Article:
Dear Techie,

To answer your question, I asked some of my colleagues for their thoughts. After all, hive mind really helps in these situations!

The tool that came up the most often was any program that creates a screencast, such as Screencast-O-Matic or Screencastify. The benefit of a screencast is that a teacher can talk to students asynchronously, both for instructional purposes and to provide feedback. Suppose that a student completes a large-scale assignment that deserves a lot of commentary. By using a screencast, the teacher can move through the student work and talk them through their progress in what amounts to a one-way conference. For students who receive detailed verbal feedback better than shorter written thoughts, this tool can be an invaluable way to help kids move forward.

With communication being so limited during this time, Google Voice is also an important way to keep the dialogue open between teachers, students and their families. This function allows a number to be set up that is not a teacher’s personal phone number so that texts or phone conversations are possible without revealing personal information. Without the ability to communicate in person or call people from a school building, using Google Voice really bridges some gaps. All users need is a personal Gmail account to get set up.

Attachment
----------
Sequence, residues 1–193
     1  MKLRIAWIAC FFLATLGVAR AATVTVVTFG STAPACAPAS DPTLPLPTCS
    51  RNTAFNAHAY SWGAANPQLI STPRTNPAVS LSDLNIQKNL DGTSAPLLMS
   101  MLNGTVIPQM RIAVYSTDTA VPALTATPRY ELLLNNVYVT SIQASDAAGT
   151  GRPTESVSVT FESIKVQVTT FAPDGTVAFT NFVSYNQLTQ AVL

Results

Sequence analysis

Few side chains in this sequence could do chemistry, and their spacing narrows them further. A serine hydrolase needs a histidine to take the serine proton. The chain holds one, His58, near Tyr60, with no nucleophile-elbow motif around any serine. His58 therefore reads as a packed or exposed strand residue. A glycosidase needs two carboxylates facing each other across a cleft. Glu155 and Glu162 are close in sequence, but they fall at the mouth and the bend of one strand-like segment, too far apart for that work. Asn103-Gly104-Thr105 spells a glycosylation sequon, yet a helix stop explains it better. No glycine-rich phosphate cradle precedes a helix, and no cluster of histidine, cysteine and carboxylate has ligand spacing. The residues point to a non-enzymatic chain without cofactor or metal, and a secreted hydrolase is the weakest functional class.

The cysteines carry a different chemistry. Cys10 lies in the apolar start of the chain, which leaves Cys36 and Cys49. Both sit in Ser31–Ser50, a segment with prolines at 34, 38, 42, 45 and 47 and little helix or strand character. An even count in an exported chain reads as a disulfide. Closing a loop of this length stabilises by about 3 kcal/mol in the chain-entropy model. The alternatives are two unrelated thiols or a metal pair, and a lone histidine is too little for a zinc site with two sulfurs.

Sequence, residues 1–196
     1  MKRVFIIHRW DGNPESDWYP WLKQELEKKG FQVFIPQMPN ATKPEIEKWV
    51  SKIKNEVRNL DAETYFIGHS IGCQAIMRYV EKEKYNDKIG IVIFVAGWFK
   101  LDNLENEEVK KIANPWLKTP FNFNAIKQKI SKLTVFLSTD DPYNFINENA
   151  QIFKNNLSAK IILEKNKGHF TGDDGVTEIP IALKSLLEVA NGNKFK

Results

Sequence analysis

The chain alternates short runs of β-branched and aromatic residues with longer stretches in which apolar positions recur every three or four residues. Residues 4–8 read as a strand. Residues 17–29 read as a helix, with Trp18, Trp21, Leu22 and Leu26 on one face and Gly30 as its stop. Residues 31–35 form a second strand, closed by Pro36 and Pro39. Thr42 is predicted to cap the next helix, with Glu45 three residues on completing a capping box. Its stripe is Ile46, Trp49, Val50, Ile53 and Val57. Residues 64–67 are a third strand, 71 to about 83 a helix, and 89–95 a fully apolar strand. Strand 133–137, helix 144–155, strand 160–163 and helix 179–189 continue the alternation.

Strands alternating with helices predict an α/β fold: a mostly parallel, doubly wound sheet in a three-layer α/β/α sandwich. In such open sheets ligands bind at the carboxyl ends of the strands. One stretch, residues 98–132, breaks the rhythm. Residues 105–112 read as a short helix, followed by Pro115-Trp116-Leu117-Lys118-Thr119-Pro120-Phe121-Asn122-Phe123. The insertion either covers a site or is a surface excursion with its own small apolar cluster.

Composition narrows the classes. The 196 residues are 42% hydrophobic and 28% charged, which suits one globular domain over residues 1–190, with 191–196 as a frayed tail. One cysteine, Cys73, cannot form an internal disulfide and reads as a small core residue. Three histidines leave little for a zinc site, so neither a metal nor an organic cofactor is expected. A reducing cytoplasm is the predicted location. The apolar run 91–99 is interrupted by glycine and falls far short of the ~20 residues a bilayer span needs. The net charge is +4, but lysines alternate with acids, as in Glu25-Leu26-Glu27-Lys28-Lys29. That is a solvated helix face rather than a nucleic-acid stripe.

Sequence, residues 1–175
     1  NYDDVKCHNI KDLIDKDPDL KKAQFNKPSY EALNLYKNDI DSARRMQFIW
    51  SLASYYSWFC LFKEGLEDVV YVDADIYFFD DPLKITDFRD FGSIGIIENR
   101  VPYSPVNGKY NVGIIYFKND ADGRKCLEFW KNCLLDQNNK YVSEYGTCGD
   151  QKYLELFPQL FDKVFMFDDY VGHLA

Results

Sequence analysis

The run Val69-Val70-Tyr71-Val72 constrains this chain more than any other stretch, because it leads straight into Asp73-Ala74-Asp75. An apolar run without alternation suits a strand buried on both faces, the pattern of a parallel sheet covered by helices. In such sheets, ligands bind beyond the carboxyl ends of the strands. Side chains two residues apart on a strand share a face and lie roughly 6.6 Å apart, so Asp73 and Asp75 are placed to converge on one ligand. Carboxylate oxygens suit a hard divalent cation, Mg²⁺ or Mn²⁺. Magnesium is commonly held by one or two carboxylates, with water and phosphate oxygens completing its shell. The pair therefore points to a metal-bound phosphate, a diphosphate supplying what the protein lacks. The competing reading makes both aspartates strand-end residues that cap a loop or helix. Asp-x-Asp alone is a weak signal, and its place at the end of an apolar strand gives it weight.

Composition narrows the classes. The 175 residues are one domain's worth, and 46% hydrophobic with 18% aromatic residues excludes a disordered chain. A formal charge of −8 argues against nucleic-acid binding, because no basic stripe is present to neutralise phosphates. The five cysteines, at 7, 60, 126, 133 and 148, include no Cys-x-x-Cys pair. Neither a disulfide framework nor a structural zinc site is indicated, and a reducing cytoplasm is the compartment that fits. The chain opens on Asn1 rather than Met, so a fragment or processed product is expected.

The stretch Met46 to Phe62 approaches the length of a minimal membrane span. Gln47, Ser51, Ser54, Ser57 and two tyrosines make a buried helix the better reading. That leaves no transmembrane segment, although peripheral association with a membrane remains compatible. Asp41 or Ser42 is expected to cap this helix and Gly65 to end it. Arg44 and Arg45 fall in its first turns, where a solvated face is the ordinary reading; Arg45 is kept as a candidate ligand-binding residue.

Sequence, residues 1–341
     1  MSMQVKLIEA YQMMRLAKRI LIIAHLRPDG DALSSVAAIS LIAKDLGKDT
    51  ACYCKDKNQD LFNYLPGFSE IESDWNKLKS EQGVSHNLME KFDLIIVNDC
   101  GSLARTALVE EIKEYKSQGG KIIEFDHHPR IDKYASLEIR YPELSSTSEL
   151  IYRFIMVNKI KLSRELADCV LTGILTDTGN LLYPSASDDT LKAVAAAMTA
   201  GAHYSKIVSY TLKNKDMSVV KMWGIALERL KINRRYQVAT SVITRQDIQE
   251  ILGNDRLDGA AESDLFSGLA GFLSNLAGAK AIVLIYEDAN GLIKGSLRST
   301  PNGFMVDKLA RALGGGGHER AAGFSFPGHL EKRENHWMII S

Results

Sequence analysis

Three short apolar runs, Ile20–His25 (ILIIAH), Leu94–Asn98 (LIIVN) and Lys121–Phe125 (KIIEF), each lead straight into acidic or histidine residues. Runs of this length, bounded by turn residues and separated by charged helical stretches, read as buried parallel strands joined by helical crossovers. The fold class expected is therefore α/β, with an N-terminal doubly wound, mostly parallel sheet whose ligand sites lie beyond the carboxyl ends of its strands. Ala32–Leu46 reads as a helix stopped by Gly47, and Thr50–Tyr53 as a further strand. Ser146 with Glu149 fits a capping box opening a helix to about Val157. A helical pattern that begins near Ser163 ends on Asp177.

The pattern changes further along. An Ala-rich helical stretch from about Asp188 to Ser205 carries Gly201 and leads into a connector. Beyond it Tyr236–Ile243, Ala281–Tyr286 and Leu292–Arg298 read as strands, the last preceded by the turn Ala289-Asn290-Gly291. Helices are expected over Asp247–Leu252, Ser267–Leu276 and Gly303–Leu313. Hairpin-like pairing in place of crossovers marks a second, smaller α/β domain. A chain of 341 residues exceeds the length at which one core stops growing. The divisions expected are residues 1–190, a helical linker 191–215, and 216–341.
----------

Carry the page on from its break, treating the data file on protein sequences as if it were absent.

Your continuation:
One last tool that teachers discussed enthusiastically is Pear Deck, which is an extension that comes with many teacher accounts at a base level. Essentially, Pear Deck communicates with slide programs (like Google Slides or PowerPoint) and makes it possible for students to not just access the slides, but also engage in interactive pursuits with teacher guidance. With Pear Deck, quick assessments are pretty easy to execute, and they can also be a little more appealing to younger audiences. There is also an audio feature, which means that students can listen to directions or other resources to build upon the lesson. If a teacher knows how to create slides, Pear Deck can be a way to build upon that knowledge base gradually.

As with all technology tools, even the best ones are meant to support instruction, not replace it. No technology on its own can replace our teaching expertise, but digital tools can help us create more access and opportunity for ourselves and our students. A physical classroom allowed us to interact with kids without as much forethought; when it comes to translating skills to a virtual classroom, continuous reflection about our connections with others is a helpful practice to keep growing in online teaching and learning.

Have a question, comment, or helpful tip about virtual teaching and learning? Send them to the Teacher’s Lounge  We’ll get through this - together!


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Written by Miriam Plotinsky, Education World Contributing Writer

Miriam is a Learning and Achievement Specialist with Montgomery County Public Schools in Maryland, where she has worked for nearly 20 years as an English teacher, staff developer and department chair. She is a National Board Certified Teacher, and recently earned her certification in Education Administration and Supervision. She can be followed on Twitter: @MirPloMCPS